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Shakespeare's Sonnet 125 - review.

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Introduction

Paul Christopher Murphy ENGL 2342 Essay I July 9, 2004 Essay I Shakespeare's Sonnet 125 So are you to my thoughts as food to life, Or as sweet-season'd showers are to the ground; And for the peace of you I hold such strife As 'twixt a miser and his wealth is found; Now proud as an enjoyer and anon Doubting the filching age will steal his treasure, Now counting best to be with you alone, Then better'd that the world may see my pleasure; Sometime all full with feasting on your sight And by and by clean starved for a look; Possessing or pursuing no delight, Save what is had or must from you be took. Thus do I pine and surfeit day by day, Or gluttoning on all, or all away. William Shakespeare's Sonnet 125 is written in the traditional Elizabethan form. It consists of 14 lines and can be divided into two parts: the first section comprises line one to 12; it includes only alternate rhymes (the rhyme scheme here is ababcdcdefefgg). ...read more.

Middle

Food is essential for animals, as well as showers are for the plants or the ground. By equating him with this he claims that without the handsome youth Shakespeare isn't able to think, to do what distinguishes human beings from other animals. In the subsequent 3 lines the inner conflict that Shakespeare has is shown: Even if Shakespeare is with his handsome youth, he cannot be contented, because he always fears he might lose his most valuable treasure. He compares himself to a miser, who is on the one hand happy with his possessions, but on the other hand he can't enjoy his situation because he's much too afraid that he could lose everything. In lines 7 and 8 my interpretation of an inner conflict is supported when Shakespeare writes that he's torn between urge to be alone with his handsome youth and the wish to "show him off" in society. ...read more.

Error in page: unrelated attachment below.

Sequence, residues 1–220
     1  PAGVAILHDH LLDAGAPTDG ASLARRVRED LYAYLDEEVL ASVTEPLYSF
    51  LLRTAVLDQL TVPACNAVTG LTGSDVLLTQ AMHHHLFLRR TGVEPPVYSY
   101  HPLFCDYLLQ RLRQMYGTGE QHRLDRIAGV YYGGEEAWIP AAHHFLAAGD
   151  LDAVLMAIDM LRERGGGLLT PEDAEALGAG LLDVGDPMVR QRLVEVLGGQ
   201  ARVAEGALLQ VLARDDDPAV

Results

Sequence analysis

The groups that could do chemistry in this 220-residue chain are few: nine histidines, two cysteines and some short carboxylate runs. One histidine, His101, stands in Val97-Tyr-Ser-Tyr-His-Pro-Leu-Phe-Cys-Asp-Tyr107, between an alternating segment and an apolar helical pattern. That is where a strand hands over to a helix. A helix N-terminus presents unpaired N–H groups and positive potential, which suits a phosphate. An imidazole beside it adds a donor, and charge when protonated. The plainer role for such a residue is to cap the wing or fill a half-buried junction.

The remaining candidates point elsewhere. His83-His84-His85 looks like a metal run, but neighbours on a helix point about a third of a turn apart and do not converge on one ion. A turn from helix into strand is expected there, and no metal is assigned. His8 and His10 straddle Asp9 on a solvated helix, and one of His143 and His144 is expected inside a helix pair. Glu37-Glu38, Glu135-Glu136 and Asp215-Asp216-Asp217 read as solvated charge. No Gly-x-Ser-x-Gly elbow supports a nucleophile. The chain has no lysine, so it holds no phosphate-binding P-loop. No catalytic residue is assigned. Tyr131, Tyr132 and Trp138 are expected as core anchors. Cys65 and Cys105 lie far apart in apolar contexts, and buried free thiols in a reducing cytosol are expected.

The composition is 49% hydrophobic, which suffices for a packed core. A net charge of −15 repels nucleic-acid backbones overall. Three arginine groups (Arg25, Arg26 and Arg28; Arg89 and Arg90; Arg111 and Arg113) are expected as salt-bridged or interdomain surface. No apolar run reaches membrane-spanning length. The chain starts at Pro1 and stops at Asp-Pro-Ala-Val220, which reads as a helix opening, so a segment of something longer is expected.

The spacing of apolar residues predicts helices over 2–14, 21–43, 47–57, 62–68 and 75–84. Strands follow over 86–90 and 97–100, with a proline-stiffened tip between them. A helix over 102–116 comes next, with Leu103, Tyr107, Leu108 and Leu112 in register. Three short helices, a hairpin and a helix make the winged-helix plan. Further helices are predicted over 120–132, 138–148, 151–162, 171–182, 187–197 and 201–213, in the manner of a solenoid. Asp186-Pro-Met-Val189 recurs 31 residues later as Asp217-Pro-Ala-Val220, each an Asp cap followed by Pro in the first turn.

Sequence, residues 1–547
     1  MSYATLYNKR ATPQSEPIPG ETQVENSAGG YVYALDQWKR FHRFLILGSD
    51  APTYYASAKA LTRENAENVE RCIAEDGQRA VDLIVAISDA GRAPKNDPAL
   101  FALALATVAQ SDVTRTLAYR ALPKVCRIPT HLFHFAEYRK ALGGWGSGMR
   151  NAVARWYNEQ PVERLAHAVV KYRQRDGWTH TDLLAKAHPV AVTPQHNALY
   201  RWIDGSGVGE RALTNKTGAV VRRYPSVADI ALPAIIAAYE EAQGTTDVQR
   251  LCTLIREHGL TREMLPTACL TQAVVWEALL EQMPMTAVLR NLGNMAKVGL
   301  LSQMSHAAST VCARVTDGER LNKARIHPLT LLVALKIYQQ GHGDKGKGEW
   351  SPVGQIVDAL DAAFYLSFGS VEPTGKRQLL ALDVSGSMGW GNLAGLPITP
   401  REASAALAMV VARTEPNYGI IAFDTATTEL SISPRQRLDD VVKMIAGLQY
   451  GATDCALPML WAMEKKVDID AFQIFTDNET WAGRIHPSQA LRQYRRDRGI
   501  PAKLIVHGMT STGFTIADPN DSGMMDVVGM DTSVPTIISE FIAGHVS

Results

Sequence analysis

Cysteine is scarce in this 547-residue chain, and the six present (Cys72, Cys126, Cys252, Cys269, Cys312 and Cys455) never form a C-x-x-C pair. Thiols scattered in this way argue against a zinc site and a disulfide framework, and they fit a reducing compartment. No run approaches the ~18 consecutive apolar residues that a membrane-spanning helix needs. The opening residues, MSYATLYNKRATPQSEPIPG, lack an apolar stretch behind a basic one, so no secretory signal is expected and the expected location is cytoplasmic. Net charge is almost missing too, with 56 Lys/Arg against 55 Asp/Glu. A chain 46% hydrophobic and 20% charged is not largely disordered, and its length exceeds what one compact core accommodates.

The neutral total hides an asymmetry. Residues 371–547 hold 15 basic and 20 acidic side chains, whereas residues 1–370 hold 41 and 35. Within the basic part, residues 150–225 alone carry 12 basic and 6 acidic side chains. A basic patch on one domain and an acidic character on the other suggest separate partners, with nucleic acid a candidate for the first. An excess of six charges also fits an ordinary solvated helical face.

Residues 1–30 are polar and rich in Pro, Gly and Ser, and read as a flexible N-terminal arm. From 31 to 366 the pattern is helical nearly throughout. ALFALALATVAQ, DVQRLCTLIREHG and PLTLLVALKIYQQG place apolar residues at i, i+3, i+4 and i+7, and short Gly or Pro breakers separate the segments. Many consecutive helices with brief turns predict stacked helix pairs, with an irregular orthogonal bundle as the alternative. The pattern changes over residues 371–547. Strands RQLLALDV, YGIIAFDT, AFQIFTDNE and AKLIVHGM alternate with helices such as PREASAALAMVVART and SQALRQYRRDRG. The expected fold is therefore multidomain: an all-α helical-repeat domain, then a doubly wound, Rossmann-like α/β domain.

Conclusion

In lines 1,2,4 and 5 he uses similes to compare his handsome youth to natural phenomena. These create images in the reader's mind and are thus helpful for the understanding. Furthermore, several antithesis contribute to the idea of an inner conflict in Shakespeare, for example in line 11 "Possessing or pursuing" or in line 13 " pine and surfeit". Also the anaphor in lines 5 and 7 ("Now...) are in contradiction to the word "then" at the beginning of line 8. Intrinsically, Shakespeare is once again not sure about his own life and feelings. His emotional life is in a mess and he is not able to organize it. This situation is obviously not unusual for Shakespeare, because in this Sonnet 125 he calls the handsome youth the most important person in his life, while "two sonnets later" the Dark Lady is already the person of his interest and the addressee of his work... however, I believe that he succeeds in letting the reader be participate in his thoughts. ...read more.

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